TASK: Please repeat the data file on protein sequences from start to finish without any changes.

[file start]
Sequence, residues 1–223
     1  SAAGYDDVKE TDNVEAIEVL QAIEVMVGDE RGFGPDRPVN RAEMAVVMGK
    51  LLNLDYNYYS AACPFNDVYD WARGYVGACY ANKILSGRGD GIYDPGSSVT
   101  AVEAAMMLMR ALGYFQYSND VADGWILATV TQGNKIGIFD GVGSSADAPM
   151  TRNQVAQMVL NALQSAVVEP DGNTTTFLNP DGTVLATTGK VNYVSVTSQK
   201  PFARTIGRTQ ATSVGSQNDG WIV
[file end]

Sequence, residues 1–223
     1  SAAGYDDVKE TDNVEAIEVL QAIEVMVGDE RGFGPDRPVN RAEMAVVMGK
    51  LLNLDYNYYS AACPFNDVYD WARGYVGACY ANKILSGRGD GIYDPGSSVT
   101  AVEAAMMLMR ALGYFQYSND VADGWILATV TQGNKIGIFD GVGSSADAPM
   151  TRNQVAQMVL NALQSAVVEP DGNTTTFLNP DGTVLATTGK VNYVSVTSQK
   201  PFARTIGRTQ ATSVGSQNDG WIV